NPR logo

Guitar Hero: Les Paul, 1915-2009

  • Download
  • <iframe src="https://www.npr.org/player/embed/111888401/111888577" width="100%" height="290" frameborder="0" scrolling="no" title="NPR embedded audio player">
  • Transcript
Guitar Hero: Les Paul, 1915-2009

Guitar Hero: Les Paul, 1915-2009

Guitar Hero: Les Paul, 1915-2009

  • Download
  • <iframe src="https://www.npr.org/player/embed/111888401/111888577" width="100%" height="290" frameborder="0" scrolling="no" title="NPR embedded audio player">
  • Transcript

Les Paul tinkers with a control board at his New Jersey home in December 1963. Paul died Aug. 13. Dan Grossi/AP hide caption

toggle caption
Dan Grossi/AP

Les Paul tinkers with a control board at his New Jersey home in December 1963. Paul died Aug. 13.

Dan Grossi/AP

How High the Moon

  • <iframe src="https://www.npr.org/player/embed/111888401/111851504" width="100%" height="290" frameborder="0" scrolling="no" title="NPR embedded audio player">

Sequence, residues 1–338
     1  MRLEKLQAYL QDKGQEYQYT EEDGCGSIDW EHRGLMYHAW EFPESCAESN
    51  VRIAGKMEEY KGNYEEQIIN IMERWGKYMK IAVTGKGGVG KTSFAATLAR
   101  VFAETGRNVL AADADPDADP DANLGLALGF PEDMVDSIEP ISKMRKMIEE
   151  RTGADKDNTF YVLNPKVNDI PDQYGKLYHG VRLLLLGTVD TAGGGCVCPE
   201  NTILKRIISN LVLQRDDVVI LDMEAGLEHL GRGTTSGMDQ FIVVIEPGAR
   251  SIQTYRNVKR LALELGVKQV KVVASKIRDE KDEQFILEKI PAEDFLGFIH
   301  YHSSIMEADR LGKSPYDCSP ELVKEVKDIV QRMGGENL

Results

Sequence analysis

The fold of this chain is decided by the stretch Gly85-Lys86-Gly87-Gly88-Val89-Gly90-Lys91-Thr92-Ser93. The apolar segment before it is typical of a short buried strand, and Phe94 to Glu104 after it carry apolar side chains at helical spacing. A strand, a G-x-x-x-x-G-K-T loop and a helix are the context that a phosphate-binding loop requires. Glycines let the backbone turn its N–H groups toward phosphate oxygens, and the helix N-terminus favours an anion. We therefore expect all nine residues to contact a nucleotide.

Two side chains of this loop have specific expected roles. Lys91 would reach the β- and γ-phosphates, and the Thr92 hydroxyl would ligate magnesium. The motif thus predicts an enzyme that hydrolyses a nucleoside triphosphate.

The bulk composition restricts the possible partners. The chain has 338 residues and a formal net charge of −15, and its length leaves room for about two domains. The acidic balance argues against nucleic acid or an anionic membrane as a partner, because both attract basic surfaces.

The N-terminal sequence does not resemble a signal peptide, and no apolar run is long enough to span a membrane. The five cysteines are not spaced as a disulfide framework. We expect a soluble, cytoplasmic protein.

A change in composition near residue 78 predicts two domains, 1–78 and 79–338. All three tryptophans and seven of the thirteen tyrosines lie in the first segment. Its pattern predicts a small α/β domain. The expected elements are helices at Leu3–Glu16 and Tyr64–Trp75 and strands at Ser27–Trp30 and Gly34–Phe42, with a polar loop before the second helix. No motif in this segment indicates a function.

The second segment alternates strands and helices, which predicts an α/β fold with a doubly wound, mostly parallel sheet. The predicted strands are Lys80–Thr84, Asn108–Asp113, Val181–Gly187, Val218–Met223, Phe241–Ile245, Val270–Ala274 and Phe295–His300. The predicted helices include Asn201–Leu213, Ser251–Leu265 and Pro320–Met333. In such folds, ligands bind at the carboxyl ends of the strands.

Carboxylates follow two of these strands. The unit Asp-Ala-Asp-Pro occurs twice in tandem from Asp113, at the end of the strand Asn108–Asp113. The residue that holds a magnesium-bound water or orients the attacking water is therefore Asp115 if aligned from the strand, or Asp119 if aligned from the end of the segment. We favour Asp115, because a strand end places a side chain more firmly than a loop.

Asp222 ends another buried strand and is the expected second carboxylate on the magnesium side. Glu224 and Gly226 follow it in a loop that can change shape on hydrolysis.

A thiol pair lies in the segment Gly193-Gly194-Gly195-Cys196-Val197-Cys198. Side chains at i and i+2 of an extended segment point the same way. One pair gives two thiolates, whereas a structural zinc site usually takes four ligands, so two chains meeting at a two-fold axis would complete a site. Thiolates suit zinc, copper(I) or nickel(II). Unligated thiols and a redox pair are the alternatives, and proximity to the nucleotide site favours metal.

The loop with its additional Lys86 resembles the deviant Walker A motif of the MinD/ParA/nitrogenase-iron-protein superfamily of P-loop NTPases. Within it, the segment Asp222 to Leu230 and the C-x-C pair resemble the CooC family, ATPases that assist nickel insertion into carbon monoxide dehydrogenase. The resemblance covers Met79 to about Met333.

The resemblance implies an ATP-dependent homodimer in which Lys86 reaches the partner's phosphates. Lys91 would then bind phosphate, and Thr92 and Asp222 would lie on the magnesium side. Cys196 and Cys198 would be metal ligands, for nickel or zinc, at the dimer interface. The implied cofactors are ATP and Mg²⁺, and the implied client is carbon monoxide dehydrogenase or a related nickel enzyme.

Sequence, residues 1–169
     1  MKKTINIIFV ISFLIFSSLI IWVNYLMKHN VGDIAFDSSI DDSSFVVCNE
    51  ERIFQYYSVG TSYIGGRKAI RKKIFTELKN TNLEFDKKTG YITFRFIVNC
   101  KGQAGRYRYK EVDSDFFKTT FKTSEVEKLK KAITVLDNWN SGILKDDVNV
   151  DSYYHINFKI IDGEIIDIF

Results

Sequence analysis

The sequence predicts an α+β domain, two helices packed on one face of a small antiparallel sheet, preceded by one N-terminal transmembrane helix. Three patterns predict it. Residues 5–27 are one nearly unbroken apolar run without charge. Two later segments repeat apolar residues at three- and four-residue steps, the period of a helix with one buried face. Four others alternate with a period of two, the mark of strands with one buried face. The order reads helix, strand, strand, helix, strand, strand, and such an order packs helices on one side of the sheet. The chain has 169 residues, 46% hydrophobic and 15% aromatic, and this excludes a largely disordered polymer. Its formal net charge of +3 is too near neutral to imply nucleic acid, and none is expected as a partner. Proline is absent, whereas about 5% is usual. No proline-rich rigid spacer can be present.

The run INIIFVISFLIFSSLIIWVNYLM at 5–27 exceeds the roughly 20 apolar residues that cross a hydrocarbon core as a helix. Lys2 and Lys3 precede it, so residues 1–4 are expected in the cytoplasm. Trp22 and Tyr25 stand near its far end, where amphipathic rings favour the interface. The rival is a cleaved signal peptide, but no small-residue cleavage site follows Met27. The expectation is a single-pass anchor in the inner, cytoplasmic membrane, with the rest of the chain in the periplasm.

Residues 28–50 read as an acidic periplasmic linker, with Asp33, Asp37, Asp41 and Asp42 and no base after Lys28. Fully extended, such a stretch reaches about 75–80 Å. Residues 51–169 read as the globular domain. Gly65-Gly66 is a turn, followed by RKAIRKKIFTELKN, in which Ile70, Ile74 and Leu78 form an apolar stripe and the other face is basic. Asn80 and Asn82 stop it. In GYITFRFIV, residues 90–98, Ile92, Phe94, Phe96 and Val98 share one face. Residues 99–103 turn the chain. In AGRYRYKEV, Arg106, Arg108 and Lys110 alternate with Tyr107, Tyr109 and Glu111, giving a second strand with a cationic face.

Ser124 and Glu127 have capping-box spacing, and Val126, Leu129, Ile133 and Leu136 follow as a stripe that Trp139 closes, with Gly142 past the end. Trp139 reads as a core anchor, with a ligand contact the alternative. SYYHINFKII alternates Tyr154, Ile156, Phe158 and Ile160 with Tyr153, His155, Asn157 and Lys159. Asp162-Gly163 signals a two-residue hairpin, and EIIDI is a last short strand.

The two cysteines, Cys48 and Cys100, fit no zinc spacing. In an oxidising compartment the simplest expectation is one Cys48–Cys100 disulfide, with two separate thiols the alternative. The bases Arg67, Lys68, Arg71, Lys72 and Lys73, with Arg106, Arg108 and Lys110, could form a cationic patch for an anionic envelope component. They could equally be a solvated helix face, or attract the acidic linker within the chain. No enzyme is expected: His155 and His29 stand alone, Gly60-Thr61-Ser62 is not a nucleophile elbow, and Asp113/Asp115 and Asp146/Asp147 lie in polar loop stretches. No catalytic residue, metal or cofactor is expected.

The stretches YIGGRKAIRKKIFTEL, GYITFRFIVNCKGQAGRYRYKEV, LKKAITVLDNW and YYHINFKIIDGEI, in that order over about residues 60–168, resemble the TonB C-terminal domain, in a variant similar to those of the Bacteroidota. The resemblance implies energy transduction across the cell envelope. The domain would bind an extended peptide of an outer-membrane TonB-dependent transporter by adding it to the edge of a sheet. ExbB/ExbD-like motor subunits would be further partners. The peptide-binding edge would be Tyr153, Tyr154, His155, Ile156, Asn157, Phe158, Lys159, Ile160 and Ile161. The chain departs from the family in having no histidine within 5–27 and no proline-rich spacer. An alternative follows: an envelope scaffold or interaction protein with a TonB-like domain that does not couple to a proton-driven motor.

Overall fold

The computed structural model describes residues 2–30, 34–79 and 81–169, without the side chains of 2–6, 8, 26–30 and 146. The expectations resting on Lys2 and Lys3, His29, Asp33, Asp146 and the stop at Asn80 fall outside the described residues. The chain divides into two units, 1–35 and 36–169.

Guitarist and inventor Les Paul — who invented the device that made the electric guitar possible — died Aug. 13 at the age of 94.

Paul's contributions to rock 'n' roll went well beyond one gadget. He designed guitars — vintage models were selling for thousands of dollars even before news of his death came — and made the first multi-track recorder. He introduced innovations that established the recording studio itself as a legitimate musical instrument. And in doing so, he shaped much of the genre's sound.

He was himself a gifted musician, moreover, with his own radio and TV shows and many a Top 40 hit in the mid-century years. Fresh Air remembers him with an archived interview from 1992.